The free agency frenzy is over, and no Tom Brady. The 2020 NFL Draft is complete, and the Los Angeles Chargers selected Oregon’s quarterback Justin Herbert with the sixth pick.
Tyrod Taylor is currently the starting quarterback for the Chargers. Why can’t he be the franchise quarterback?
What Is A Franchise Quarterback?
The first question is, what is a franchise quarterback? Do you know?
NFL analyst Bucky Brooks defines a franchise quarterback as “…a ‘franchise quarterback’ is a guy capable of delivering wins, regardless of situation and circumstances.”
Meanwhile, a BleacherReport article describes a franchise quarterback as, “A quarterback who can help his team convert key third and fourth down situations will also be seen as a franchise player.”
He summarizes by stating, “…the NFL’s great quarterbacks, the franchise quarterbacks, have several traits in common. They all very high football intelligence; that is, they possess a profound understanding of how the game is played. They are tough beyond compare as no athlete in any sport takes more of a pounding than an NFL quarterback. And lastly, they are winners. They consistently rise to the occasion and elevate the play of the rest of the team. These guys improve the performance of the franchise by making everyone better.”
So How Do You Define Franchise Quarterback?
Can a franchise quarterback be defined? Because seriously, most would include Ryan and Newton (and maybe Winston) under the franchise quarterback label.
Is a franchise quarterback something you just know?
The Case For Tyrod Taylor
So why isn’t Taylor considered a franchise quarterback for the Chargers franchise?
Taylor drafted in the sixth round by the Baltimore Ravens in 2011. In his time in Baltimore, he was the backup for Joe Flacco.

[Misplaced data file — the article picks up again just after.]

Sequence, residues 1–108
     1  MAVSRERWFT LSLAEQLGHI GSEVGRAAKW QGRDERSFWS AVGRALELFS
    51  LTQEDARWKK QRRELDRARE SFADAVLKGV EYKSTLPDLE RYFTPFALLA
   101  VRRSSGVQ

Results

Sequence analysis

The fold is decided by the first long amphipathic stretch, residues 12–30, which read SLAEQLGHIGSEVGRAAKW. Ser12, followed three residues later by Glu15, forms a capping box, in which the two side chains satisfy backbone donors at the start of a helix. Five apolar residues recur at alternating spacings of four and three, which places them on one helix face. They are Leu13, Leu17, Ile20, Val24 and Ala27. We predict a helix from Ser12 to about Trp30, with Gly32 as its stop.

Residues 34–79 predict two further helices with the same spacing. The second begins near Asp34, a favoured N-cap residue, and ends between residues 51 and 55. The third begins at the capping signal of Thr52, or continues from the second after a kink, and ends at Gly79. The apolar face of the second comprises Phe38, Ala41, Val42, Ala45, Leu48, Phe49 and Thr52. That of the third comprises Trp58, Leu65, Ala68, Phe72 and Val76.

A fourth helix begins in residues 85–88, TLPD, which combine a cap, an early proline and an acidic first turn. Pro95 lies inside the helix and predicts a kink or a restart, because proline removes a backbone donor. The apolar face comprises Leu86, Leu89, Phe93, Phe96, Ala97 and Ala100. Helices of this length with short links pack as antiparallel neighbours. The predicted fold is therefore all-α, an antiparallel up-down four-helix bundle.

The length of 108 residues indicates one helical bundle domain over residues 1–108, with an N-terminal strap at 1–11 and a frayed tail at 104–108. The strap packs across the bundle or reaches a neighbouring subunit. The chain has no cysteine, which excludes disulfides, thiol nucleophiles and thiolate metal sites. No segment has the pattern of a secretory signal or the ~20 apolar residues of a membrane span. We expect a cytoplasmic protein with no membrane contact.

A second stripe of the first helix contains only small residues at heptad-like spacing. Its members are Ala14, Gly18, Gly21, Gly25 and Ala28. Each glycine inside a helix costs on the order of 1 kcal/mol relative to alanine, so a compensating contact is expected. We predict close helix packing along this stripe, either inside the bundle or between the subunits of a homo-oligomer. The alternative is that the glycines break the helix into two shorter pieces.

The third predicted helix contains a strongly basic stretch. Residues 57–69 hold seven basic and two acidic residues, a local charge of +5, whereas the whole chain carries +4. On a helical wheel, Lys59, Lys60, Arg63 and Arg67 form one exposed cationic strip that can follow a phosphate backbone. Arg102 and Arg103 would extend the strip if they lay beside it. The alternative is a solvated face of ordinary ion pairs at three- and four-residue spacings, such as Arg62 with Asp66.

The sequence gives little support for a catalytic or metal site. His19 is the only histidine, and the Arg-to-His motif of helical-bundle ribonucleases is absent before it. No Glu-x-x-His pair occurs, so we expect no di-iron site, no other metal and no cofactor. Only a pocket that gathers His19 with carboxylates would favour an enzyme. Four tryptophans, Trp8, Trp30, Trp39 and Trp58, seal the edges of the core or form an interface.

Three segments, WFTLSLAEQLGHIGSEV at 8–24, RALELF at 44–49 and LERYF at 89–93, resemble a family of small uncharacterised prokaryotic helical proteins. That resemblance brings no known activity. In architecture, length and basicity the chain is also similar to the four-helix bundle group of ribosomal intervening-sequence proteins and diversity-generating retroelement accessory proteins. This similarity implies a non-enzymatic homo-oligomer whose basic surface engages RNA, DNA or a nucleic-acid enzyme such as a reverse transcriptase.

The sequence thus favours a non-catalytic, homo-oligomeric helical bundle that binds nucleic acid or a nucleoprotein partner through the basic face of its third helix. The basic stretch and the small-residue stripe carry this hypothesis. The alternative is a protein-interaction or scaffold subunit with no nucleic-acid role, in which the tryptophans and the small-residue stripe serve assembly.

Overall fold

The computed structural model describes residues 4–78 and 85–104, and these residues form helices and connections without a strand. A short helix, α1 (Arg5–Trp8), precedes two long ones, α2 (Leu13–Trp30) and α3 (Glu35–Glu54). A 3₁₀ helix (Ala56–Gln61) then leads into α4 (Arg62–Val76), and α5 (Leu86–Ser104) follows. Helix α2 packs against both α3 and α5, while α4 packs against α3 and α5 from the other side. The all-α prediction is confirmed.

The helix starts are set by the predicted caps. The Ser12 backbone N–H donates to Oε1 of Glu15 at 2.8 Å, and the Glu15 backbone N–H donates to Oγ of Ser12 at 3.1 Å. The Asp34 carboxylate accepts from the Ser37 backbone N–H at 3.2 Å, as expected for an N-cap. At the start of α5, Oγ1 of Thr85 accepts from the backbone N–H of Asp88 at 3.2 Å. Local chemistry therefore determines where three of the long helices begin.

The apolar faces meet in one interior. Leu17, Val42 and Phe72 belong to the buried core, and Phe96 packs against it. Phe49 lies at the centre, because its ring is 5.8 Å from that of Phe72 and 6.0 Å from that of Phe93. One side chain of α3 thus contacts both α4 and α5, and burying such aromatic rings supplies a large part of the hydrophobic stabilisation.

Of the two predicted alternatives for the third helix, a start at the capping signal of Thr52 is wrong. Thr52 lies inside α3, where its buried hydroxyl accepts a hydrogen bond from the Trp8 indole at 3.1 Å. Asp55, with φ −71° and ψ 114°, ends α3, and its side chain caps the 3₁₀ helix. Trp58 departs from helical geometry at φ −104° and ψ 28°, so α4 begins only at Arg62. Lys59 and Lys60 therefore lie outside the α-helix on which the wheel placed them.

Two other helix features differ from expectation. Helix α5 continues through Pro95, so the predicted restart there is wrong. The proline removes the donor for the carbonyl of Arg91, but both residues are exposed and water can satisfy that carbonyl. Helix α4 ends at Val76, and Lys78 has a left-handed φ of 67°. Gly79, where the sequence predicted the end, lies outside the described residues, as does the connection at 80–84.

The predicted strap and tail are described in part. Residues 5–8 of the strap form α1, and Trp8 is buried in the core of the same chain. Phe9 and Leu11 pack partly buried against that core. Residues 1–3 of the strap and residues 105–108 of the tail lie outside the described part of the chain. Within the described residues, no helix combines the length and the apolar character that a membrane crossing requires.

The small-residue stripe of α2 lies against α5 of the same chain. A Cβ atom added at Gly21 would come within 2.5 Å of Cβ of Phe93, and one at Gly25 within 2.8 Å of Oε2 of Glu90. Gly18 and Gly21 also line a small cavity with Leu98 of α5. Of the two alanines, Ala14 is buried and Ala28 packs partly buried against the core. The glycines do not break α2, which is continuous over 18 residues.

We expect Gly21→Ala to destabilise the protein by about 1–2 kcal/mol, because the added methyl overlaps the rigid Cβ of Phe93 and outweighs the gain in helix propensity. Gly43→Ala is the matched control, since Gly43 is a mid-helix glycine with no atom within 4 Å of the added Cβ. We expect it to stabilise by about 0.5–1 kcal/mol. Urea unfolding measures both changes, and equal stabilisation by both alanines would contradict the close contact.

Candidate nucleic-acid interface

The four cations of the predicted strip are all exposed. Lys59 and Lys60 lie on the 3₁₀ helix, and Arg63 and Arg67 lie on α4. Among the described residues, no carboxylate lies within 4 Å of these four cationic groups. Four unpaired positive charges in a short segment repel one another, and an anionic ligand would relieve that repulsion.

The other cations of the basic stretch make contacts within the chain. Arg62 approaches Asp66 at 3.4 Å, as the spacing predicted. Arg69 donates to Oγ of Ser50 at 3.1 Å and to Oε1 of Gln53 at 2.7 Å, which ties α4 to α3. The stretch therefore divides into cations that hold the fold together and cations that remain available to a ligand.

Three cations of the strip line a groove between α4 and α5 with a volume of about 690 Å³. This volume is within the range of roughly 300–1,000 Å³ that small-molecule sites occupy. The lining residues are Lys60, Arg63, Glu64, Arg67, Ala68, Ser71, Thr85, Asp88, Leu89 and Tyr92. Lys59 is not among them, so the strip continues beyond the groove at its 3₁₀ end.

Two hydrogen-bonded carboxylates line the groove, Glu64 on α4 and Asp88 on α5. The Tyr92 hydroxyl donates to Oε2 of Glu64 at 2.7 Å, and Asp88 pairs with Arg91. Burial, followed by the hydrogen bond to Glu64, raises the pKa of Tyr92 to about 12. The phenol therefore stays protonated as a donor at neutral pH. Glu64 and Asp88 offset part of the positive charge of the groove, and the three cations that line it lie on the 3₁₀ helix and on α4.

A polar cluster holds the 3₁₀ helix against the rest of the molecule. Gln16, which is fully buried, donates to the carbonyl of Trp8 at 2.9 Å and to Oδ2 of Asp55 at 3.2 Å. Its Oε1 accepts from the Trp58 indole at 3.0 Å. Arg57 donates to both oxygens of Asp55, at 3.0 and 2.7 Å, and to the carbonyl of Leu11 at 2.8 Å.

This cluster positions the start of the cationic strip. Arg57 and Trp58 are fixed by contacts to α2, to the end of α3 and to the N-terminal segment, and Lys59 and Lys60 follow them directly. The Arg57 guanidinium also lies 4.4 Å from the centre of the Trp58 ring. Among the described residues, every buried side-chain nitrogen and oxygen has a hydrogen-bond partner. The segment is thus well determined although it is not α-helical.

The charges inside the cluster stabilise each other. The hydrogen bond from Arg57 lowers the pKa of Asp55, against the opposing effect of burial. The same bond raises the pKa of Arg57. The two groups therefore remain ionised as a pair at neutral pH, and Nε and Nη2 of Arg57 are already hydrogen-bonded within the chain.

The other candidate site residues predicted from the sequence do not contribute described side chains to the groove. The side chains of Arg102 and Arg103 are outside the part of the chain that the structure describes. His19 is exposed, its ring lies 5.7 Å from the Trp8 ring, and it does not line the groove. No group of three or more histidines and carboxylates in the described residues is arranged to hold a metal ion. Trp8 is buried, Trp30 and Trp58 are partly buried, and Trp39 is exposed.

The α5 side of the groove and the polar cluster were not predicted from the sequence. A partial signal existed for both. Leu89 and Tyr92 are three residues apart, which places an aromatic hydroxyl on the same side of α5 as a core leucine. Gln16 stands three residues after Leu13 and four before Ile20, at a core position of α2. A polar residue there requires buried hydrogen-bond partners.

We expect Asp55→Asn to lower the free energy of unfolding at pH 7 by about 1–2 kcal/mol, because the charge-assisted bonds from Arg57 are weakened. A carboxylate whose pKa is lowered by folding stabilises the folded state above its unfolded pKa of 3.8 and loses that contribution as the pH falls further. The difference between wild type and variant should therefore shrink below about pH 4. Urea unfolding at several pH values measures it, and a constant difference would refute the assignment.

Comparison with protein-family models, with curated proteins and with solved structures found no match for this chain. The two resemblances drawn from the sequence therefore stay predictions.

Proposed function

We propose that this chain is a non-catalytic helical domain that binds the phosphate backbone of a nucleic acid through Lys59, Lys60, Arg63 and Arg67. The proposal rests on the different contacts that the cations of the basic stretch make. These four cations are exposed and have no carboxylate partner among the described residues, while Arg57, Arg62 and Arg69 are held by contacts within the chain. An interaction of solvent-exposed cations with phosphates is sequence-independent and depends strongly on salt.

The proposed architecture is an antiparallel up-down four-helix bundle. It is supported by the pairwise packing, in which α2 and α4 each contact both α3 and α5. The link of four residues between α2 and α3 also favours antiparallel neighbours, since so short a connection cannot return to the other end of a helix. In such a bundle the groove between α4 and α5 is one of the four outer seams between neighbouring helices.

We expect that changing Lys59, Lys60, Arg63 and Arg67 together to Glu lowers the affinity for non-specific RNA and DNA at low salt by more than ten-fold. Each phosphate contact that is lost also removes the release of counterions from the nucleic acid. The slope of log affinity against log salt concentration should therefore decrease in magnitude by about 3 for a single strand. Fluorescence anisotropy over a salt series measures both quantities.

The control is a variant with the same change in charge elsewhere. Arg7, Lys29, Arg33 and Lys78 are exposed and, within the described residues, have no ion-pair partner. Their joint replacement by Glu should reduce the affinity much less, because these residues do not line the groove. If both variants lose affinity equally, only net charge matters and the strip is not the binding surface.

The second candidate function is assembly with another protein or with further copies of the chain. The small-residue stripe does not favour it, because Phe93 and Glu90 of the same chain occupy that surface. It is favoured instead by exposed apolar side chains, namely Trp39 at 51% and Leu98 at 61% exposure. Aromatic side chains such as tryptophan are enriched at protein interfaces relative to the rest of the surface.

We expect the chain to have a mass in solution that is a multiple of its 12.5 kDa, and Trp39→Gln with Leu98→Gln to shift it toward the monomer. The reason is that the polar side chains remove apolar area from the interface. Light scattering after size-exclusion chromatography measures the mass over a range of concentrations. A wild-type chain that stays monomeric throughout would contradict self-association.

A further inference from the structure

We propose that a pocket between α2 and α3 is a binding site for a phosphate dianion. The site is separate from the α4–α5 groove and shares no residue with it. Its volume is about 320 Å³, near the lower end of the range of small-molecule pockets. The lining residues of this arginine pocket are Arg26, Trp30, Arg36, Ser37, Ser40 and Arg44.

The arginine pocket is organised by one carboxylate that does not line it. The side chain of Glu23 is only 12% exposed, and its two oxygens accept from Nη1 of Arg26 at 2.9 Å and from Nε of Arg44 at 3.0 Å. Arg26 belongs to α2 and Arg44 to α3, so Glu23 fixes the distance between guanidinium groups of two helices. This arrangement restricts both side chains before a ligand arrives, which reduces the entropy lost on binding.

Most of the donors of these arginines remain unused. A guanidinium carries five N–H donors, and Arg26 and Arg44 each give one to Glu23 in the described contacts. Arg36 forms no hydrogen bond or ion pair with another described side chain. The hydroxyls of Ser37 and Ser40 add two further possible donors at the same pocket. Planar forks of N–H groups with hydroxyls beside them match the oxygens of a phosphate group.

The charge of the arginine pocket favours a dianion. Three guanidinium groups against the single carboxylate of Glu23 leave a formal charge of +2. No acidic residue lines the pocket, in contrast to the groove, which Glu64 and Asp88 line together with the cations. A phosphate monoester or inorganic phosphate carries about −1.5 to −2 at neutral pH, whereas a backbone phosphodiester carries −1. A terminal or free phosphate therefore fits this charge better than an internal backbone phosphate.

In 2015 he signed a contract with the Buffalo Bills. He became a starter by beating Matt Cassel and rookie EJ Manuel, for the position. He was a Bills’ starter from 2015-2017. In the 2017 season, he took the Bills to the playoffs for the first time since 1999. In 2018 the Bills traded Taylor to the Cleveland Browns for a third-round pick.
Last season the Chargers signed Taylor to a two-year contract for $11 million.
Stats And Stuff
- Was the Bills starter from 2015-2017
- Best season in 2017 when he took the Bills to the playoffs for the first time since 1999
- Has a Pro-Bowl season
- In nine-year career has 54 touchdowns and 20 interceptions
- Has a career completion percentage of 61.7
- Has a career passer rating of 89.8 percent
- Thrown for 9,562 yards and ran for 1,843 yards with 16 rushing touchdowns
Chargers Franchise Quarterback – Philip Rivers
- Drafted fourth in the first round of the 2004 NFL Draft by the New York Giants
- Giants trade him to the San Diego Chargers fro their first overall pick, Eli Manning
- Eight-time Pro Bowl selection
- 2013 NFL Comeback Player of the Year
- Played in seven playoff games, with career record 3-4
Stats And Stuff (career)
- 64.7 percent completion percentage
- 7.8 average yards per attempt
- 397 touchdowns and 198 interceptions = 5.2 touchdown percentage rate and 2.6 interception percentage rate
- 1.6 rushing attempts per game
- 2.7 average rushing yards per game
- Three rushing touchdowns
Can Tyrod Taylor Be A Franchise Quarterback?
Is the argument against Taylor becoming a franchise quarterback the fact that he is a journeyman? Or is a franchise quarterback all about aesthetics?
Taylor will certainly open up the offense with his ability to run. Taylor has taken a team to the playoffs that had not sniffed the postseason in years.
Taylor was also displaced twice by rookie quarterbacks. Once after taking a team to the playoffs.
If Taylor takes the Chargers to the playoffs will he then be designated a franchise quarterback?
What does Taylor need to do to earn the label franchise quarterback? What say you?